Kadena couple proud parents of first baby of 2005 at a Pacific military hospital
January 3, 2005
Air Force Staff Sgt. Derrick McCoy and his wife, Juestina, hit the commissary at Kadena Air Base, Okinawa, on Friday evening — their focus on a New Year’s Eve party later that night.
Juestina was pregnant with the couple’s third child, but she wasn’t due for another week.
“I figured we’d go by and get some sandwiches before we went,” Derrick recalled. “Standing at the checkout line, she goes, ‘Hold on, baby, I’ll be right back.’”
A few minutes later, Juestina returned from the restroom and told him it was time.
“We took off for the hospital,” he said. “Basically, we threw the groceries in the truck and headed out to (Camp) Lester. We already knew the drill.
“The only thing we were afraid of was, it’s New Year’s Eve. The locals have big celebrations. I was worried about heavy traffic. But there was no traffic at all, and all the lights were green.”
About 10 hours later — at 4:24 a.m. Saturday, to be exact — at the U.S. Naval Hospital on Camp Lester, Juestina delivered Kaliyah Devine McCoy, who became the first baby of the new year to arrive at a U.S. military hospital in the Pacific. Measuring 19.5 inches, she weighed 7 pounds, 11 ounces.
“It’s like a new beginning — a new beginning,” said Juestina McCoy, still in a bit of pain but resting comfortably Saturday afternoon in the hospital. “It’s very special.”
Derrick, an F-15 weapons maintainer for Kadena’s 18th Aircraft Maintenance Squadron, said the New Year’s Day birth was indeed a special event.
“The whole birth and all was special. Miracle baby. That’s what I say,” he added. “Everything came out great.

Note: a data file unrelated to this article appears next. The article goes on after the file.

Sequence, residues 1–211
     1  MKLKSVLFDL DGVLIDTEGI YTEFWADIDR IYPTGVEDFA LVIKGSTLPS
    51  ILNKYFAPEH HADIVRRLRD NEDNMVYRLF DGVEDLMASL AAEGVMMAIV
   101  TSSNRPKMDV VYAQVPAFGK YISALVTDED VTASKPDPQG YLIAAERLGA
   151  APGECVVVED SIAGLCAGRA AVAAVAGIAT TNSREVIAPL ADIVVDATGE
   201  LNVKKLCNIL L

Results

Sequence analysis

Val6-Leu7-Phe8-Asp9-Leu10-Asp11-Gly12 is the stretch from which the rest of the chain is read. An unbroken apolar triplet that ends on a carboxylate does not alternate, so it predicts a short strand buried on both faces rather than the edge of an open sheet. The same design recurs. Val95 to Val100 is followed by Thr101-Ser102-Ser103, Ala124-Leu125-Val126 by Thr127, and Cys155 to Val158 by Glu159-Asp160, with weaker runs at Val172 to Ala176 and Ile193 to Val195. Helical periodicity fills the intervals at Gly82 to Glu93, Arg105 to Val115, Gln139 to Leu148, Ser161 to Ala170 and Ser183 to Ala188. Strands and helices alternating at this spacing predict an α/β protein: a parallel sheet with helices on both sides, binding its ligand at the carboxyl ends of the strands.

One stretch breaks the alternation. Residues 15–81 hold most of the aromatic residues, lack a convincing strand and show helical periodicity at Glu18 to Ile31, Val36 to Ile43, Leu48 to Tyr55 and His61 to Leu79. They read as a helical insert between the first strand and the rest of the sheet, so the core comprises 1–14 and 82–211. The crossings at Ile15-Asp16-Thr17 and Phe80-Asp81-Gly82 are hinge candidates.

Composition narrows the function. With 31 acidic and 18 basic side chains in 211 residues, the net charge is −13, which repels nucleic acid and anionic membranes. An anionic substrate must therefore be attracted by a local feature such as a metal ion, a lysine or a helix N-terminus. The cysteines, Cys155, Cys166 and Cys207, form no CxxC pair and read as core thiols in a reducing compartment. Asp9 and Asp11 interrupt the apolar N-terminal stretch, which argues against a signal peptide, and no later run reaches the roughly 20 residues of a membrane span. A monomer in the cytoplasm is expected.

“It's very unique. Our other kids were born during the summer months. To have one on the first day of the year, it’s a great way to start the year out.”
But a holiday birthday isn’t unique in the McCoy family. Oldest daughter Jaleisha, 7, was born on Mother's Day. They also have a 6-year-old daughter, Ariana.
At the Camp Lester hospital Saturday, the nursing staff brought flowers into Juestina’s room, and more gifts were on the way. There was even talk of throwing a small party in her hospital room to mark the year’s first new arrival.
Mother and baby likely would be released Monday, hospital officials said. Derrick plans to take 30 days of leave to spend time with Kaliyah.
The family moved to Okinawa a little more than a year ago, and he also wants to take everyone out and explore the island, “if the weather allows us to,” he said. And Juestina’s mother is coming for a visit from Colorado Springs, Colo., Juestina’s hometown.
The hospital at Yokosuka Naval Base, Japan, was the birthplace of the first Pacific military babies in 2003 and 2004. About 550 are born there each year, officials said.
On Saturday, however, there were no new bundles of joy in the Yokosuka community, said Lt. Glory Castaneda, a registered nurse in the naval hospital’s Labor and Delivery section. By 6 p.m., no new prospective moms had been admitted.
Recovering from the New Year’s Day delivery and getting to know little Kaliyah at Camp Lester, Juestina remarked: “Now, I really have something to celebrate, instead of just the new year.”